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International Education

The Visit of a Vanier Teacher to an IBO school in Casablanca, Morocco

Julie Plante is an instructor at Vanier College and is currently the Coordinator of the Mathematics Department. At the time of this trip she was the  Coordinator of the International Baccalaureate program that has been since discontinued.

I had the great pleasure of being asked to visit a newly admitted IBO school in Casablanca in order to help their team of Mathematics teachers. The original request was to witness a couple of lectures for comments and to help go through the criteria-based assessment of homework and examinations. We were two teachers involved : Lorraine Veillieux from Cegep François-Xavier Garneau covering Physics and myself.

Even though the age of students was similar to our Vanier students, their high level of discipline and concentration in class was surprising! The motivation of the students I saw was very high. The group was identified as the best in the school with a science-math profile.

The formalism and quality of lectures I saw was very good. The teaching focuses more on formal proof and following with precision the steps of the teacher. Nevertheless, after I quizzed a few students with comprehension questions, they convinced me they truly understood the concepts behind the proof illustrated by the teacher!

We had a good time comparing the questions asked in the examination established by the National Education Ministry and the questions asked in an IBO examination. Their national Mathematics exam is four hours long and asks very interesting proofs of group theory and linear algebra! There are four or five questions on that exam. The IBO Mathematics exam tends to have two two-hour papers and asks between ten to twenty questions per paper. We identified time management as one key difficulty students have to deal with since they are not used to or trained for this type of drill with quick questions.

Another key difficulty that we know very well here in Canada is the long-lasting debate over the use of a calculator during exams. Within a month, these Moroccan students will have to be ready for a four-hour long exam without a calculator and formula booklet and for two two-hour long exams with a calculator and formula booklet! The pedagogical challenges here are tremendous… And there are no silver bullets to develop these two different sets of skills. We want our students to always know more and have many skills but we only have a limited number of class hours and homework hours!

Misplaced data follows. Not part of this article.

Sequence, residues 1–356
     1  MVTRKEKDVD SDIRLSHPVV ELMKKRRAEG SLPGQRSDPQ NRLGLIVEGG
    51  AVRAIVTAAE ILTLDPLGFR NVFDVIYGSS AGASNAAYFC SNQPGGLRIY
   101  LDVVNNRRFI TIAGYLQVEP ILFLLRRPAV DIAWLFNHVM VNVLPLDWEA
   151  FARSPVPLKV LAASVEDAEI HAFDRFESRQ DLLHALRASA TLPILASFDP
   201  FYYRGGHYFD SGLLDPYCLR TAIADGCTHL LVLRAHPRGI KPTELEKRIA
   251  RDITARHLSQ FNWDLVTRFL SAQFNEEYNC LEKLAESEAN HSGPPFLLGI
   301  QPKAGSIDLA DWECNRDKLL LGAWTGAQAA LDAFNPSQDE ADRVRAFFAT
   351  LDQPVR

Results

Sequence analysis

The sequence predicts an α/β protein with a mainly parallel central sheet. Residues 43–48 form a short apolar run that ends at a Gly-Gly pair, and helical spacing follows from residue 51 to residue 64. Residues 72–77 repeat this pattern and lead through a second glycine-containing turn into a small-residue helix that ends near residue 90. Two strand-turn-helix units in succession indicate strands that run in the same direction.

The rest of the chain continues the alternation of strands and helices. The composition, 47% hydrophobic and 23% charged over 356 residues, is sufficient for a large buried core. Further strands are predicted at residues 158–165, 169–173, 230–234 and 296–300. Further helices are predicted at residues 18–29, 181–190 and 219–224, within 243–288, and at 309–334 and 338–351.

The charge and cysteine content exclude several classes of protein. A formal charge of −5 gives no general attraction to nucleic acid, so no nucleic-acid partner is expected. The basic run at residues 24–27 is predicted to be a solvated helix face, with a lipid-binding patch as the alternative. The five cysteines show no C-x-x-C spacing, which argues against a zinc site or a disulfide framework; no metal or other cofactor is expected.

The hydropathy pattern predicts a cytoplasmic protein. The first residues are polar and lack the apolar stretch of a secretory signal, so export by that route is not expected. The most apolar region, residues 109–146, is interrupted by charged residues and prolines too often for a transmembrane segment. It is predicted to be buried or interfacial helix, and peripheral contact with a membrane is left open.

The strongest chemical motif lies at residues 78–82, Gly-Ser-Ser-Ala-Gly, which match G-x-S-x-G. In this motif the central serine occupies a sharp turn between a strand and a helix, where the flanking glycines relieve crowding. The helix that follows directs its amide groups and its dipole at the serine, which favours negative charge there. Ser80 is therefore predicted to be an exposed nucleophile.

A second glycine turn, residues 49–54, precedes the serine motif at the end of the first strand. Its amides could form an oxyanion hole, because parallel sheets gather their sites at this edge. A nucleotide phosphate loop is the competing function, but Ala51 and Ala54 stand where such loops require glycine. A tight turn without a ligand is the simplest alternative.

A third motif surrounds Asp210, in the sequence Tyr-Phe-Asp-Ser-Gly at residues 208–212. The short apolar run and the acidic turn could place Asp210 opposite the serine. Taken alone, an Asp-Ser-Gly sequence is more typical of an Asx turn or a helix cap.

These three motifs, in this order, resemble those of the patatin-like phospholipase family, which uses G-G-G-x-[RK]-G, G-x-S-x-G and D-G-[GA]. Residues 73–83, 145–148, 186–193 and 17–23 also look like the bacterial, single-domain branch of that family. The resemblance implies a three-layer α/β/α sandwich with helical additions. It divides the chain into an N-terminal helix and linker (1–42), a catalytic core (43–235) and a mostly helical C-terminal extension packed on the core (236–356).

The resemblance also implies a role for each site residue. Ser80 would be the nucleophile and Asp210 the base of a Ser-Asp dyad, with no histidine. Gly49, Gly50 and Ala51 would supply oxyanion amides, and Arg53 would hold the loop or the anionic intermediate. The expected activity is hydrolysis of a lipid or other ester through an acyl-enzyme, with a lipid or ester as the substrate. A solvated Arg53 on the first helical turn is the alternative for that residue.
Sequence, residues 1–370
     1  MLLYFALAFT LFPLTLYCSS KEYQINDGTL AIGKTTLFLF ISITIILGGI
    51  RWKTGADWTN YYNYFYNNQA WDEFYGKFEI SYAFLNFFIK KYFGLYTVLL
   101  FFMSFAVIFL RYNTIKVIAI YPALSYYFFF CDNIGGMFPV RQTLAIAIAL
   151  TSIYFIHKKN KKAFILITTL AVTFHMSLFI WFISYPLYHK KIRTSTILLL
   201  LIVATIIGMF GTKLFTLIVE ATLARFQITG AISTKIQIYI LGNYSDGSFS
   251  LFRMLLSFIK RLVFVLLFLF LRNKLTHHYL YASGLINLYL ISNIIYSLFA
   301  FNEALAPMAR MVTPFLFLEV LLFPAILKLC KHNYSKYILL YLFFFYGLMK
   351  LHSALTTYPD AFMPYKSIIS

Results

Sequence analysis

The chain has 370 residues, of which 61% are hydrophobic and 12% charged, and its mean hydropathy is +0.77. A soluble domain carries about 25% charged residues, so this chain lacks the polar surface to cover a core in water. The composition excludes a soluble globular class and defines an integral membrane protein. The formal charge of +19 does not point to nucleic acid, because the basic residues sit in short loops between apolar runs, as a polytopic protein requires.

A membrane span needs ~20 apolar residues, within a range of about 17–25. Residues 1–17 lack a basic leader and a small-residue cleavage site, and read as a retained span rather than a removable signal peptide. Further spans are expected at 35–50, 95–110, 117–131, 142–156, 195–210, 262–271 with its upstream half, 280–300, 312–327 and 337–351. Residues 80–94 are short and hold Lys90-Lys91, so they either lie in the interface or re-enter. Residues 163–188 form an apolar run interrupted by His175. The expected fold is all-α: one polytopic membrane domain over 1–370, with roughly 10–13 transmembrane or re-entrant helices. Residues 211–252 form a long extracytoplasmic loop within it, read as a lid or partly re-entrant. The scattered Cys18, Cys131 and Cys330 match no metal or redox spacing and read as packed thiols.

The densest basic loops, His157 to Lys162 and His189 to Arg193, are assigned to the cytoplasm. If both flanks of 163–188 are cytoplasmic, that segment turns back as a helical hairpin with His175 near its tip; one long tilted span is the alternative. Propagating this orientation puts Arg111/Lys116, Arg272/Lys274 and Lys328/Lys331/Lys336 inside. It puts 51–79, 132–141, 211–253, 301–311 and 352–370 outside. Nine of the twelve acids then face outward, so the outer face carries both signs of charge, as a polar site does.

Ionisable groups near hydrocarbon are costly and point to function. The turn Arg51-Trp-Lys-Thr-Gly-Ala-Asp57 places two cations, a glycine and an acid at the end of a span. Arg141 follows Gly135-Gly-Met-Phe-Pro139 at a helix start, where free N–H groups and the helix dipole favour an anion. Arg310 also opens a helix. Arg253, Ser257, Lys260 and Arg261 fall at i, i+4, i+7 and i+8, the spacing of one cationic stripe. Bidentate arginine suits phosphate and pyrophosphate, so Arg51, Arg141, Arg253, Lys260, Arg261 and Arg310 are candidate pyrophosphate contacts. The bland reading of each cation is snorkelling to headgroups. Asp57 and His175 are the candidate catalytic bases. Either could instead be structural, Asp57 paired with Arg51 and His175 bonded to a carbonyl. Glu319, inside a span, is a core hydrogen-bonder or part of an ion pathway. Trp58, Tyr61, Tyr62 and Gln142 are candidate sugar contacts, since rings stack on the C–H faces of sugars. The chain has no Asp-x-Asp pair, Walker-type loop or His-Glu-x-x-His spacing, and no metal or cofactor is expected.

Interestingly, the school I visited takes care of children as young as four-year olds up to the last year before going to university in the same school building. We could hear little children’s voices and the sounds of their game continuously. I was astonished that the older students were able to focus on their teacher! They explained to me that… “It’s always been like that; there is nothing special to it”! The atmosphere of the school was very joyful, colorful and light; the notion of plays and games was in the air. I could not help noticing that their library and computer resources were very limited and I realized we are fortuante at Vanier to have the resources that we do.

I was also invited to watch their opening morning session at 8:00 am in the outside theater ( it is a warm country … *sigh* They have access to these facilities even in January!). Each day, one young children’s class is selected to present a theme that the teacher prepares the week before to the whole junior students’ population, This can be a play, readings or a history project researched by the class and the presentation lasts ten minutes. This prepares the children for public elocution, stress-management and good communication. I was amazed at the heart those little children put into this presentation.

On top of our daily sessions I visited the country, obviously! It is a charming country but not if you drive…! The Metropolitan and Décarie at five pm are a breeze compared to any of their roads! I was lucky; I was always driven to locations. Lorraine and I visited the monument where the tombs of kings are kept; we visited the capital, Rabbat, and we saw the palace where The King Mohammed VI lives. It was a bit too early to go to the beach in bathing suits but we walked on the side of the Atlantic and looked at it with delight. We even had a little walk in a huge shopping centre that got us depressed… We saw the same stores we know! Ah globalization… But their couscous and almond pastry are still the best and are quite unique!

By Julie Plante